I finally had to admit it to myself that I caught a cold. I pride myself on my ability to stay healthy, even during exams when friends drop one by one. One reason I didn’t want to admit it to myself that I’m sick because it would mean taking a pause in my life here and maybe missing out on an adventure. I am only in Yunnan for a little over two months now, and only in Kunming until Saturday, when we leave on our Ethnic Minority field excursion for two weeks and then my month long Independent Study Project. Perhaps the main reason I didn’t want to admit that I’m sick, even though it really is just a mild cold, is that I am living with a wonderful Chinese family and did not want them to worry or feel that they have to take care of me.
Everyday after class I walk to my Chinese grandma’s apartment. She lives with her husband and her husband’s father. Everyday she welcomes me into her home, kindly orders me to put on my “inside shoes” (she got me the biggest size- they are still about 4 sizes too small for my yeti-American feet) and tells me to study. At 6pm, the seven of us sit in their living room/kitchen and eat her deliciously prepared dishes. We have rice (obviously) and four vegetable dishes, one broth soup (“we must eat this in Yunnan, because it is dry”), and one meat dish, each with a noteworthy amount of garlic and chilies. My family is Muslim, so we don’t have pork, although (Dexter and Hugo, cover your ears) we did have dog one day when I was able to sneak back home for lunch.
My Chinese family shares many similarities to my American family. My grandma tells my six year old little sister to eat her carrots or she’ll have bad eyes. My mom sits down and make sure my sister finishes her homework and practices piano before she can play. My little sister, niuniu, much like me when I was little, enjoys making up songs and doing dance performances. Most recently, I introduced her to photobooth on my computer. Since introducing her on Friday, she has now taken 187 pictures and videos of herself singing made up songs, mainly about little fish and rollercoasters (I was more into singing about flowers at that age).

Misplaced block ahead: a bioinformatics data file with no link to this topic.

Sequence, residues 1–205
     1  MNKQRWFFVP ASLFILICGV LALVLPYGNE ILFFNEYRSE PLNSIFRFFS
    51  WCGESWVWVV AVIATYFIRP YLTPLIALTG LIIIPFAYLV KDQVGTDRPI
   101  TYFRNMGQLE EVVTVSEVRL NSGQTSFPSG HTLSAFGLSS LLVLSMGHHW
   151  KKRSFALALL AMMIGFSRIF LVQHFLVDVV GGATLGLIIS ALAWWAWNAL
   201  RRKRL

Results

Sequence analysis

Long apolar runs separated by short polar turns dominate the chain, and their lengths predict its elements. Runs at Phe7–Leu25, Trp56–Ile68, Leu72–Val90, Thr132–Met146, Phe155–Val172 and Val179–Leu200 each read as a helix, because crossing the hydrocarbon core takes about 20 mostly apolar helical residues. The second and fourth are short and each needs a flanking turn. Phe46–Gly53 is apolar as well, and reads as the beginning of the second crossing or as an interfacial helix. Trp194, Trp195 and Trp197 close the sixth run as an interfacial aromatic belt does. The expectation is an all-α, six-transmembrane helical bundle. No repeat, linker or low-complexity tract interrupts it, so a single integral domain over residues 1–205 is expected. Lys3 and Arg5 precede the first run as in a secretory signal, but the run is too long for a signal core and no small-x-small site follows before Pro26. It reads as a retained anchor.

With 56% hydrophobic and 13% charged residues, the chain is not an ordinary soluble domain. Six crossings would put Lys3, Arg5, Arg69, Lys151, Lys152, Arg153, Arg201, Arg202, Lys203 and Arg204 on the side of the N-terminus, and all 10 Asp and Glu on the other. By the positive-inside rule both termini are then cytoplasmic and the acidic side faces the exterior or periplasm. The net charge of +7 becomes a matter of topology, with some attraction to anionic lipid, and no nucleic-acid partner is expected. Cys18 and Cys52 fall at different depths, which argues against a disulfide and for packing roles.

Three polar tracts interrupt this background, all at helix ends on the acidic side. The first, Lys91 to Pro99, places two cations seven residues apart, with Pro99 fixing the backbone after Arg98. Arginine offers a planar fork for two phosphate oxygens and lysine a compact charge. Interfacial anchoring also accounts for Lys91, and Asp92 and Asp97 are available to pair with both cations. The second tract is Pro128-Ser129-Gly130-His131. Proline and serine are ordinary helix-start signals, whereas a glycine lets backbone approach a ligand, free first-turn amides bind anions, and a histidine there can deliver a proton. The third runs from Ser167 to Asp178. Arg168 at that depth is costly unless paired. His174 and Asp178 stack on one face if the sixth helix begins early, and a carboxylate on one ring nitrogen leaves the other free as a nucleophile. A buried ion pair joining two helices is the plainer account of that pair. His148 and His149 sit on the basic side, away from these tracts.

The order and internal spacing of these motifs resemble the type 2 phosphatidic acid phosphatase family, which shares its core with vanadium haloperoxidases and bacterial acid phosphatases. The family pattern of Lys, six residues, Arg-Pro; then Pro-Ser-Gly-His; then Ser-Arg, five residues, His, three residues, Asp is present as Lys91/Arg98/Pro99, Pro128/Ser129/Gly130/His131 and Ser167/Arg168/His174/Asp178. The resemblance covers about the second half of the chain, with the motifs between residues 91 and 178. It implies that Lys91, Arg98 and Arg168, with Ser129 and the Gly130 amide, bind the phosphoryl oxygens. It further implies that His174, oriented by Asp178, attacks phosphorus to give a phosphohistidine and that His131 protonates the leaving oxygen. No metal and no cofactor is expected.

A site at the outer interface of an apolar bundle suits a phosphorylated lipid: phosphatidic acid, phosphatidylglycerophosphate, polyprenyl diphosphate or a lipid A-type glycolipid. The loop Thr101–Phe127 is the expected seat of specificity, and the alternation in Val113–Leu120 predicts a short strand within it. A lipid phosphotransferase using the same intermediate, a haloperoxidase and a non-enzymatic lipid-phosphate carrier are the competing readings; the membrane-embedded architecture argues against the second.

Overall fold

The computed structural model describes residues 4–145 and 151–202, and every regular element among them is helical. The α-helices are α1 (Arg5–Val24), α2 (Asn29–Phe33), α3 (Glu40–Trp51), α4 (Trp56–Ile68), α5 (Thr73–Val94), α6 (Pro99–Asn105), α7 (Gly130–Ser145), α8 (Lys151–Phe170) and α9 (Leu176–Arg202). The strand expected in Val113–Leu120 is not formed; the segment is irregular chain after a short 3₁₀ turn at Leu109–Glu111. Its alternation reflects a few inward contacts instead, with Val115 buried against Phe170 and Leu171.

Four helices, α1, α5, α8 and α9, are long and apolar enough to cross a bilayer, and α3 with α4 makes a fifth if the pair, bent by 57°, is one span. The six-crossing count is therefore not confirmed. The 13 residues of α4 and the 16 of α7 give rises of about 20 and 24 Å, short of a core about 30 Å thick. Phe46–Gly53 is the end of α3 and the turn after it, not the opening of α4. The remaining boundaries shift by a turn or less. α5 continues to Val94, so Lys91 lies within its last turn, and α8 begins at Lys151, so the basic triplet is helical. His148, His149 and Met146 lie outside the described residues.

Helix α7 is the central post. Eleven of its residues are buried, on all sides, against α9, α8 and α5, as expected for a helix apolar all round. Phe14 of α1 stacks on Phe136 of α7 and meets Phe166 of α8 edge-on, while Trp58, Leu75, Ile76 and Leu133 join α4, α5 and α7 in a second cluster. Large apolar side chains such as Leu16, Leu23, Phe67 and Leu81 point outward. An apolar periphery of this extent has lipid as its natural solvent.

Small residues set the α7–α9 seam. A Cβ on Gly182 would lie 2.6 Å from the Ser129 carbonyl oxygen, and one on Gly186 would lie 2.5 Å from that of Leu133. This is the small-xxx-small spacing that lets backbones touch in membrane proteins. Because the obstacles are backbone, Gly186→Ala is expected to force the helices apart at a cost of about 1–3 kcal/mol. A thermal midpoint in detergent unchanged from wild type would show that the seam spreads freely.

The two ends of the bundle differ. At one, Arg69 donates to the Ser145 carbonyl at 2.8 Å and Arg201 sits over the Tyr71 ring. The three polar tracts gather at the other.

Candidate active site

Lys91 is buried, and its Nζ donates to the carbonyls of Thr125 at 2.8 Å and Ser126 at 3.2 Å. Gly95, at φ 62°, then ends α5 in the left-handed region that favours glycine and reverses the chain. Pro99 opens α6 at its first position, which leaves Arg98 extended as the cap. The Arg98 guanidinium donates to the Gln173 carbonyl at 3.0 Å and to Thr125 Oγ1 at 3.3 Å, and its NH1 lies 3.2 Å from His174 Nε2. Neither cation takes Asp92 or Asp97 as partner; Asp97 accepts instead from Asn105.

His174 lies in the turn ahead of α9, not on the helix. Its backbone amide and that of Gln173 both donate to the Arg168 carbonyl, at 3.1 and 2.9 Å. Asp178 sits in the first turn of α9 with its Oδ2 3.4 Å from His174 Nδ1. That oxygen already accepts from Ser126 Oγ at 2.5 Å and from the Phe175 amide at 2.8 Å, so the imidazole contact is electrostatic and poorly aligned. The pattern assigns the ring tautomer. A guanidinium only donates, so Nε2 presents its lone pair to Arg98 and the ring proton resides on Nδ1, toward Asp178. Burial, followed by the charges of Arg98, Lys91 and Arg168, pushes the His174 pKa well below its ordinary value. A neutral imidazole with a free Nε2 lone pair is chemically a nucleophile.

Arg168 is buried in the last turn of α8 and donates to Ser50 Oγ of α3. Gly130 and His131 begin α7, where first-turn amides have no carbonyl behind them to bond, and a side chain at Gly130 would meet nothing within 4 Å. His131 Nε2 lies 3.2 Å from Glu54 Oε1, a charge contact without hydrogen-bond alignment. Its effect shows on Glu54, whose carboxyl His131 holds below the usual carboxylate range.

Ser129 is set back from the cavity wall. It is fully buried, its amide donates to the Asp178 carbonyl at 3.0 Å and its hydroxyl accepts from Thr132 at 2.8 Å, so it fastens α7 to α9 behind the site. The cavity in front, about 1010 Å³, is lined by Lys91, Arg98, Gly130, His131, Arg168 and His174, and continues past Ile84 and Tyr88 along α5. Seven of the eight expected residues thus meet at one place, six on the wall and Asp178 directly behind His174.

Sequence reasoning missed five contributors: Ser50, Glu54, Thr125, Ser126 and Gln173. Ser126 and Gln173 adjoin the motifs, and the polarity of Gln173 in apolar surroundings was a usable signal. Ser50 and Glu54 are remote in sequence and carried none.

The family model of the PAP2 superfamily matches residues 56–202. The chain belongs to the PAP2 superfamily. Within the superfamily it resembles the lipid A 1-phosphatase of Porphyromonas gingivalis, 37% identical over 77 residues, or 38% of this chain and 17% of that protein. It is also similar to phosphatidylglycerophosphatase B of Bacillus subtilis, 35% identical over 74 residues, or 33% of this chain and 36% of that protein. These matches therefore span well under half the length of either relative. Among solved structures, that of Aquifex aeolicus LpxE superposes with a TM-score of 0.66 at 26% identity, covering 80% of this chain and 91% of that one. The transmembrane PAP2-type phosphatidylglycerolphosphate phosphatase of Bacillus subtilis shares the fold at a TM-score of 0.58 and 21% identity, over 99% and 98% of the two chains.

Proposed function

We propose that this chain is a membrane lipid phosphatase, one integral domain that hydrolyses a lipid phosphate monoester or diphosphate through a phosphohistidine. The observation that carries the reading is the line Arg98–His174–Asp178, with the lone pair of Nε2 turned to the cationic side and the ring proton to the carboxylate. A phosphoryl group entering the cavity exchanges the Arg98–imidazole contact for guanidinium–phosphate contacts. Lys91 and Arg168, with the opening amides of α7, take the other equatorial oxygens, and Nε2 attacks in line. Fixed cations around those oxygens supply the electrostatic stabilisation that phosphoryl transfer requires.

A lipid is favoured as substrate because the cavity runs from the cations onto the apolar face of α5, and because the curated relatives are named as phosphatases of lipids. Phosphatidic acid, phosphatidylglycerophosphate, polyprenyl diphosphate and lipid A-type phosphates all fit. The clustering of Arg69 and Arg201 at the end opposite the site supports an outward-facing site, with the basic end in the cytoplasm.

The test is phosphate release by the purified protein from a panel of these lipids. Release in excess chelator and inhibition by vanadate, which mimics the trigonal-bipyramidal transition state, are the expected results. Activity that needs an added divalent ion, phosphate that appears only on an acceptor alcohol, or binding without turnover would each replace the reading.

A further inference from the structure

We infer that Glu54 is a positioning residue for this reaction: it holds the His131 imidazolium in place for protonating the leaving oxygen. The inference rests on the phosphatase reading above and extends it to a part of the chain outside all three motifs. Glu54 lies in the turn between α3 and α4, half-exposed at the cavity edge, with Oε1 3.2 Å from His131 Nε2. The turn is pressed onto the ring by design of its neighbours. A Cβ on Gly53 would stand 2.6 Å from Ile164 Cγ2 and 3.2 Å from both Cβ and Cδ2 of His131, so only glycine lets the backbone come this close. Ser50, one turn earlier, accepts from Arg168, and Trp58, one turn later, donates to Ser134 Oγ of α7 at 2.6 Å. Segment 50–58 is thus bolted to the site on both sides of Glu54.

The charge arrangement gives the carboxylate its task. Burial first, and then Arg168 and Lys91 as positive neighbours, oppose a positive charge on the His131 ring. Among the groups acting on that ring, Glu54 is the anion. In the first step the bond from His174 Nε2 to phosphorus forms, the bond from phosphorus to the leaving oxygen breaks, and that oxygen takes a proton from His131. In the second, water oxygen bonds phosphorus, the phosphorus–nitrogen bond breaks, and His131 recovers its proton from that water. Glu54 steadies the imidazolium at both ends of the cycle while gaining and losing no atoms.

My Chinese family is also curious in life in America. I try to jot down or remember questions they ask me. Some of the most recent ones are:
“do you really not eat rice at every meal?”
“oh so you eat bread at every meal?”
“what age are you allowed to have a romantic relationship in America”
“can you control the heat in your house?”
“how often do Americans drink whisky?”
“why doesn’t the government stop all the protests that have been happening?”
“What face products do you use to get your skin so white”
“ok, but you don’t use bleaching products? Really?”
“who do you think is the smartest person in America?”
Yesterday when I walked into their apartment around 6, my grandma told me to start my homework and she’d be there after she cooked to help me. Instead, I fell right asleep on their couch for the next two hours. When I woke up I was under a blanket and my grandma brought me a glass of boiled water. Cold water is bad for you when you have a cold, evidently. She also had cut up a kiwi and an Asian pear. I had to eat the kiwi first or it wouldn’t have health benefits, she preached. Popo (what one calls one’s grandma on the mother’s side) insisted that I take some herbal medicine. She gave me strict orders to wear more clothing, not go to bed with my hair wet. Popo told me to come back tomorrow (today) so she can properly take care of me but I told her I had to write a paper and study for my final so I’ll just go to a cafe and study. She responded, “not OK”.
One of the main things I have learned since the experience of living with my Chinese family is that grandma calls the shots. My grandparents had some of their friends from the Muslim community come over for dinner on Saturday, and grandma wanted to give an elderly women money for bringing a dish. I witness the elderly lady refuse, and then my grandma wrestle the money into the woman’s pocket. Popo may be 5ft and 100 pounds, but she is tough.
My grandma has been taking good care of me, and through her I’ve learned a lot about Traditional Chinese Medicine (TCM). Fortunately for me, one aspect of Traditional Chinese Medicine (along with acupuncture and herbal remedies) is massage. Which is why in a few hours I am going to get a massage to bring me back to good health. I’m starting to think I should admit I’m sick more often.